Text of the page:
References

  1. ^ Harriette Andreadis, 'The Sapphic-Platonics of Katherine Philips, 1632-1664', Signs: Journal of Women in Culture and Society, 1989. Volume 15, number 1, page 59.
  •  This article incorporates text from a publication now in the public domainChisholm, Hugh, ed (1911). Encyclopædia Britannica (11th ed.). Cambridge University Press. 
  • "Philips, Katherine." The Bloomsbury Guide to Women's Literature. Claire Buck, ed. New York: Prentice Hall, 1992. 911.
  • "Philips, Katherine." British Women Writers: a critical reference guide. Janet Todd, ed. London: Routledge, 1989. 537-538.
  • "Philips, Katherine." The Broadview Anthology of British Literature: The Renaissance and the Early Seventeenth Century Vol 2. Joseph Black, ed. Ontario: Broadview Press, 2006. 785-786.

Bibliography

  • Edmund Gosse, Seventeenth Century Studies (1883).
  • Poems, By the Incomparable Mrs K. P. appeared surreptitiously in 1664 and an authentic edition in 1667.
  • Matthew, H. C. G., and B. Harrison, eds. The Oxford Dictionary of National Biography. Oxford: Oxford UP, 2004. Web.
  • Limbert, Claudia A. “Katherine Philips: Controlling a Life and Reputation.” South Atlantic Review 56.2 (1991): 27-42.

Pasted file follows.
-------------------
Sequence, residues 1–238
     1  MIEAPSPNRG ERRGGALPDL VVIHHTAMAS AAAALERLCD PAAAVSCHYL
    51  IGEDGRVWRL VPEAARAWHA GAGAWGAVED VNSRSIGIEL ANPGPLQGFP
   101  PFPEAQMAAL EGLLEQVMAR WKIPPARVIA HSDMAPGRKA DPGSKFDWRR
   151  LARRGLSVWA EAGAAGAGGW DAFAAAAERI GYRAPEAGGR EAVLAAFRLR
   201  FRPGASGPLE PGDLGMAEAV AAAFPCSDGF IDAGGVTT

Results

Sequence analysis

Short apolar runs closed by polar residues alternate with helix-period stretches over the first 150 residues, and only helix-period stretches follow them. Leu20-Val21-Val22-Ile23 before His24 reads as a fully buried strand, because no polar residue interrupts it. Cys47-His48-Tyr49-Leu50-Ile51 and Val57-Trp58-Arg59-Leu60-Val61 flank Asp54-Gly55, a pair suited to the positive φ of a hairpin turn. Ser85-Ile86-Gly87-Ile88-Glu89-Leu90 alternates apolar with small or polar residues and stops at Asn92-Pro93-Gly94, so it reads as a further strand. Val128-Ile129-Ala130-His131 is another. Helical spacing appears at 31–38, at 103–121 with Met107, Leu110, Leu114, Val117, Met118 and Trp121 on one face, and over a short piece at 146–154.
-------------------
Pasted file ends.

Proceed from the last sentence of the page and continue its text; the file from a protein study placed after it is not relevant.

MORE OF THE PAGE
• Llewellyn, Mark. "Katherine Philips: friendship, poetry and neo-platonic thought in seventeenth century England." Philological Quarterly 81.4 (2002): 441+. Academic OneFile. Web. 13 Mar. 2010.
  • Stone Stanton, Kamille. “‘Panting Sentinels’: Erotics, Politics and Redemption in the Friendship Poetry of Katherine Philips.” Comitatus: A Journal of Medieval and Renaissance Studies. [ISSN: 1557-0290] Vol. 38. Fall, 2007, pp. 71-86.

--“‘Capable of Being Kings’: The Influence of the Cult of King Charles I on the Early Modern Women’s Literary Canon.” New Perspectives on the Eighteenth Century. [ISSN: 1544-9009] Vol 5.1. Spring, 2008, pp. 20-29.

  • Trolander, Paul and Zeynep. Tenger. “Katherine Philips and Coterie Critical Practices.” Eighteenth-Century Studies. 37.3 (2004): 367-387.
  • Robinson, David Michael. "Pleasant conversation in the seraglio: lesbianism, platonic love, and Cavendish's Blazing World." Eighteenth Century: Theory and Interpretation 44 (2003): 133+. Academic OneFile.

External links